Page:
Something major happened to me recently. Life-changing major. I lost a parent by choice, not by death. There was a tremendous amount of drama leading up to the culmination, much like Act II leading up to the black moment in our novels. After the “incident” which took almost six months to play out, the obsessive thinking began. “They should never have… Why did they… I’m so upset about…” etc. Since this event coincided with the outlining of book 4 in my Distant Edge Series I couldn’t keep it from crossing into my thoughts. Before I knew it, a big part of the book’s drama revolved around my character’s issue with her parent. I added similar lines spoken by my family members because quite frankly – they sound crazy, I couldn’t make this $#it up and they make convincing characters.
Looking back on my first three novels in the series, which are already written and will be published starting in May 2017 – I found that my antagonist was completely based on the family member attached to the parent I lost. The character uses modified phrases that this person has spoken to me. Her personality in my books mirrors that of the personality she has shown me for the past thirty years.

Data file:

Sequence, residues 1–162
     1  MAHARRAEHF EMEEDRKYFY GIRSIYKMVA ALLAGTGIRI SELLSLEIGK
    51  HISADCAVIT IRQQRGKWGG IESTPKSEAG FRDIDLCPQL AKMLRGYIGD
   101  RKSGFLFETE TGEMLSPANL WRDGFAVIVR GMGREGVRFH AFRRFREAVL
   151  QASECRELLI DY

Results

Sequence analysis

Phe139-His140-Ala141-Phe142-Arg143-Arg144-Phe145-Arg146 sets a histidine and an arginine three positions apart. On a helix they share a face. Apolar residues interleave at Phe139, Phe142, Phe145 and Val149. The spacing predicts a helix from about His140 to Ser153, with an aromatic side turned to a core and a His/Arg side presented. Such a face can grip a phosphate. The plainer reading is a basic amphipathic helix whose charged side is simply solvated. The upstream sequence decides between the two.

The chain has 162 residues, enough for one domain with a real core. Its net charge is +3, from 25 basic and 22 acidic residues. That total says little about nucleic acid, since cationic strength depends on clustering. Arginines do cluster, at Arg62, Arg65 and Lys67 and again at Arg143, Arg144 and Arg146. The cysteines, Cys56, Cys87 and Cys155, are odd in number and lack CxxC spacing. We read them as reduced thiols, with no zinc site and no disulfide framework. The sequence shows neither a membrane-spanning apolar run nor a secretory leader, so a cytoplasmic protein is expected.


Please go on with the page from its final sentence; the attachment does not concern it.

Why do this? First of all – sometimes it can’t be helped. Things that are going on in our subconscious comes out in our writing. Secondly – it’s cathartic. It helps us make sense of events, personalities and confusion in our own worlds. Thirdly – and most importantly – it makes for great well-rounded antagonists or protagonists, depending on how people in our lives have treated us.
I received book 2 back from my editor a couple of weeks ago and her comments elicited so much emotion I started to cry (with happiness). She found conflict and motivation within my protagonist that I didn’t even know I had written. This is where our true-life events come out. We can completely fictionalize them and keep the gist or we can use actual events and what people have said to us, changing their names of course.
Everyone’s heard “you write what you know” which is true but we also write “who we know”. Therefore I encourage you to turn all of those wrongs in your past into rights. If you can’t change what happened or the hurt someone has caused you, use it in your book. Turn those meanies into antagonists. Turn their insanity and self-righteous, thoughtless behavior into the conflict your protagonist must overcome. Take the crazy words they have spoken to you, change them a little, and make it part of your antagonist’s dialogue. Not only will this make you feel so much better, it will lend authenticity to your characters. However it is important for your antagonist to believe that what they are doing (their motivation) is right, no matter how heinous it is. Otherwise they’ll read like a cartoon villain. Think of this as a way to process while staying true to your art form. And, it’s probably best not to tell the people who have wronged you that you’ve made them into bad guys in your books. You don’t want to be sued for liable or defamation of character.
Written by: Chloe Adler